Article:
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Title: From The First Editor:
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This salute from the first editor of this newspaper was reprinted in the 1954 Centennial Edition. While the attempt probably was taken for eloquence in that day, some of the language is quite different from what you read in today's editorial comments.


In assuming the chair editorial we feel that we are entering upon duties at once intricate, laborious and of constant assiduity, especially one requiring untiring application and diligence of purpose, with an energetic regard for the public weal, the public morals and the public taste properly directed.

The profession of an editor in its multifarious ramifications, is one of the most extended and comprehensive in its range and compass that may engage that attention of the wisest and best of mankind. The successful editor may almost mould and fashion public sentiment by the inherent power of his own thoughts vitalicized. He may be undeservedly, and often is, made the object of severest condemnation, some scheme of ambition may have been thwarted by him, or some personal or private interest may not have been advanced, which required the sacrefice of the public good. Still we think it is not without its pleasant memories and green sunny spots by the wayside, interspersed with the briar that may nettle his feet along the pathway of uprightness, and he have an approving conscience of his career, it matters little to him if here and there some fault-finding misanthrope does aniadvert his conduct. The approbation of good men and his own sober reflections are worth more to him than all the harm the mischievous can do, and to pass through life uncensured,, is forever to be a cipher of the world.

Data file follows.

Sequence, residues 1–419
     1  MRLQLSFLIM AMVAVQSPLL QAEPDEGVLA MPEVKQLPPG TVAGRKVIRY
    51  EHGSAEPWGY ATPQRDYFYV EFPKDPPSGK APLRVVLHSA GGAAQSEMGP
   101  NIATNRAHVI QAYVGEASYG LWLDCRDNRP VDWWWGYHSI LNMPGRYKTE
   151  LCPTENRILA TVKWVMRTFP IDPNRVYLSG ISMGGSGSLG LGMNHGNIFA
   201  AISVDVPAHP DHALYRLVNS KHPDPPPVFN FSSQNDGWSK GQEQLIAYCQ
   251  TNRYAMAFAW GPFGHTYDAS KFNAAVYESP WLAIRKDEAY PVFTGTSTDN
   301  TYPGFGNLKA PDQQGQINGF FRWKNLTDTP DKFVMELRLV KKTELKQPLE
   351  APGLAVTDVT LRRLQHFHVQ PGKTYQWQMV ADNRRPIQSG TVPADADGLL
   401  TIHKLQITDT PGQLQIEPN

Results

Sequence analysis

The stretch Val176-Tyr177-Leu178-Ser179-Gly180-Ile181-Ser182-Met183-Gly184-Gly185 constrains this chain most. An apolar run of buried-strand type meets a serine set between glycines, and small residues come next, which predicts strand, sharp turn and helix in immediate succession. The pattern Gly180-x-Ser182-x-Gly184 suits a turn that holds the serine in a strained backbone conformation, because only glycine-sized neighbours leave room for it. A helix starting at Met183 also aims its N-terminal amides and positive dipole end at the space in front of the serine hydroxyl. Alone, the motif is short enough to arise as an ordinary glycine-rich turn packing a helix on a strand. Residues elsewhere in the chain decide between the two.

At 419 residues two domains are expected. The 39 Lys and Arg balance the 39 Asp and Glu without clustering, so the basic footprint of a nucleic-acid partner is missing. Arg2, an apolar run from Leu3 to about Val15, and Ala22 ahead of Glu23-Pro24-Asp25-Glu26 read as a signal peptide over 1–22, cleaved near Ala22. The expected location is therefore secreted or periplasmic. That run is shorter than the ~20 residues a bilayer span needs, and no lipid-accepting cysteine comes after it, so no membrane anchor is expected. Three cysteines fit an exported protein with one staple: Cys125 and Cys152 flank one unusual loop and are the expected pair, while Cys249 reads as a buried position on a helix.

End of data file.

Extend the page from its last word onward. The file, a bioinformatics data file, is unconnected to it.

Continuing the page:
If we had coveted a life of ease and self-indulgence we would have selected any other avocation than this one, but we hope to be useful to our fellowman, and if so, our end is gained, and our ambition gratified.

In making our debut we have to form the acqaintance of many of you; but some we recognize who were out old associates, classmates, or linked with our boyish memories of bygone days, with whom we are happy to renew our intercourse as of yore.

Success to the craft; let them be untied for good, and the voice of unborn myriads will redound to their glory in future generations.

Date: 12/20/1954
Origin: The Review-Republican
Author: A.S. Foster, editor
Record ID: 00002555
Type: Periodical
Source Archive: Warren County Historical Society
Date Entered: 8/10/2001
Collection: Court House
Entered By: Leslie J. Rice

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